The other day I read him Runaway Bunny written by the author of Goodnight Moon (I can't remember her name). I was surprised to realise that both books were originally copyrighted in the 1940s.
Runaway Bunny tells the tale of a bunny who tells his mother that he wants to run away from home. The mother replies that she will follow him wherever he goes. The story continues with the little bunny concocting various scenarios where he will go so that his mother cannot locate him, and the mother always find a way of showing that she will always find him. At the end of the story, the little bunny concludes that it isn't worthwhile to go away after all since his mother will always be there.
The book cover describes the story as a tale of a mother's unconditional love and support. I see it quite differently. I see it as a tale of an overbearing mother who will not let her son go out into the world and become his own person.
The other day I was at a job interview. The interviewer asked me about my year at Hebrew University. She indicated that she would not let her son go for a whole year, but permitted him to do a summer programme instead. I had nothing to say that would have been socially appropriate. I would have liked to have told her that I would be a different person today if my parents had not let me go to Israel for a year; that my parents not only permitted me to go, but encouraged me, and financially supported me; that my year in Jerusalem was one of the best years of my life; that I met some of my closest friends; that I fulfilled some of my lifelong dreams including recording an album and backpacking around the country by myself; that the first couple of months were devastatingly hard and I needed the full year to catch my stride; and that I believe that every young adult should travel and/or study abroad if they have the means and opportunity.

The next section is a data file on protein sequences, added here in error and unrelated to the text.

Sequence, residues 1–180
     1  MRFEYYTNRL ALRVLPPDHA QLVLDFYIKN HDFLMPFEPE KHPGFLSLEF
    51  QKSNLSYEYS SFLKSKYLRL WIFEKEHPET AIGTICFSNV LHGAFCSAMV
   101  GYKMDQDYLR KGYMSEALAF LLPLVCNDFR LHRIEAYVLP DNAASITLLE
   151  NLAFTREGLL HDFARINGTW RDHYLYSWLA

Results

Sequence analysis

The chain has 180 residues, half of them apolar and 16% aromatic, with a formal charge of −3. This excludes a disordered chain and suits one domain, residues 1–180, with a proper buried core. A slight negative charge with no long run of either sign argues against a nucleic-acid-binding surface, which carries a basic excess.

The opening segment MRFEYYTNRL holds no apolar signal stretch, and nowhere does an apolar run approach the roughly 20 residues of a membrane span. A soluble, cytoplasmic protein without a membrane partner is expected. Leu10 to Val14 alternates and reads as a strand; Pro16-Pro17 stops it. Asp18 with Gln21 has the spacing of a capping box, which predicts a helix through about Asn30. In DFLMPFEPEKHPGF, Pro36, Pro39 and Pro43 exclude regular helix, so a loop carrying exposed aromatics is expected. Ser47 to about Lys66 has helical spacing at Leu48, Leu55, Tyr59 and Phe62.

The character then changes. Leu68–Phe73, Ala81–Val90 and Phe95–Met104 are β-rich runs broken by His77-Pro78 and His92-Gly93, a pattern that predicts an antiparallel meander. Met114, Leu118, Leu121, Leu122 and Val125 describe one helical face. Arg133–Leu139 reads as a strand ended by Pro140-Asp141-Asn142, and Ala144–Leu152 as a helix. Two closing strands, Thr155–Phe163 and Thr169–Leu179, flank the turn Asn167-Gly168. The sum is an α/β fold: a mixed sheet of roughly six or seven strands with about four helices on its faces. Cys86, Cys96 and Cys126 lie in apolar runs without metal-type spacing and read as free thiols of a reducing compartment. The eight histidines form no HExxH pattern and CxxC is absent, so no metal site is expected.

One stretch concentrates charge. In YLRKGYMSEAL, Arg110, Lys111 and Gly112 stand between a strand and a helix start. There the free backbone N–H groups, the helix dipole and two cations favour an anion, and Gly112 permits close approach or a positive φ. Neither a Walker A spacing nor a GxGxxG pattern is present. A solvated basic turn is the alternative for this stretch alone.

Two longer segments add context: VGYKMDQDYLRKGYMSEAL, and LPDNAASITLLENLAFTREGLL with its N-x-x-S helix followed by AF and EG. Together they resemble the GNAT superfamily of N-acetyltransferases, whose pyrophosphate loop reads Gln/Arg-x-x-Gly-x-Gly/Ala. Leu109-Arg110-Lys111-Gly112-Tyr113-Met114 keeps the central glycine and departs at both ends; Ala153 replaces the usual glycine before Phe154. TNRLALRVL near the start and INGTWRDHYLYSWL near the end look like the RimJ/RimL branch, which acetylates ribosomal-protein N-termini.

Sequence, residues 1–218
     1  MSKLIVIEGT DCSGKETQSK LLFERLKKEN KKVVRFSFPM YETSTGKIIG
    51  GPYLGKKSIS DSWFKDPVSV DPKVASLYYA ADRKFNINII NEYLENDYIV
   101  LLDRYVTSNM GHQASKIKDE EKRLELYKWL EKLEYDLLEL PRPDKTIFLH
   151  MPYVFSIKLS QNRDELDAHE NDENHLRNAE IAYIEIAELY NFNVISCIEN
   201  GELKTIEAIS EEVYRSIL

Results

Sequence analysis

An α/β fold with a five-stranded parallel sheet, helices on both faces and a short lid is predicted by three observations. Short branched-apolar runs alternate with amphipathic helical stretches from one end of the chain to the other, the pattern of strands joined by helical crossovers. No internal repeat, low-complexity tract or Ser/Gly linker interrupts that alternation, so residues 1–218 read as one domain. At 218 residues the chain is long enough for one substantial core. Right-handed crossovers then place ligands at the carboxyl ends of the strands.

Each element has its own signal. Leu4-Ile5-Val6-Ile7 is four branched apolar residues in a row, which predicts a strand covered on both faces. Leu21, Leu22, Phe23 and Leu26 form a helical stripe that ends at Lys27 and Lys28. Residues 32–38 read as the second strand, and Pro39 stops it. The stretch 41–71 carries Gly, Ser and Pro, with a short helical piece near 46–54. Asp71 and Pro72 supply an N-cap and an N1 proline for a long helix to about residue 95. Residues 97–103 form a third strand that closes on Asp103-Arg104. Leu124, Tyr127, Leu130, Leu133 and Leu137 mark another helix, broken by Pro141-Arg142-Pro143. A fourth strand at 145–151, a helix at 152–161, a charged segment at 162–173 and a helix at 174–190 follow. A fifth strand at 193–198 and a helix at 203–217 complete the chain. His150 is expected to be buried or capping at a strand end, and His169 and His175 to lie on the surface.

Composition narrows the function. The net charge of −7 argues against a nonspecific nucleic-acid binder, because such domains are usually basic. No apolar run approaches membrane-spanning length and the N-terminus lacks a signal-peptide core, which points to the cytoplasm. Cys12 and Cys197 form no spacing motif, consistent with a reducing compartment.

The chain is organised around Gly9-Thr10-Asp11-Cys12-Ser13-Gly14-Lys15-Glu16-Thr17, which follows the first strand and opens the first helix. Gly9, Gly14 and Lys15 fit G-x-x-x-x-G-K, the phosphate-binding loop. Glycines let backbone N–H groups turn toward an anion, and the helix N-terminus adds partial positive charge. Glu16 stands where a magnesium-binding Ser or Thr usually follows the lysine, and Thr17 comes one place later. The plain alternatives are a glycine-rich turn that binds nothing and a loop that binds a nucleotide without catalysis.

I hope that as my son grows up, he knows that I will always be there to support him in whatever he chooses to do. But just as importantly, I want him to become his own person, make his own mistakes, and explore the world if he chooses to.
Of course, I may need to be reminded me of this in 18 years.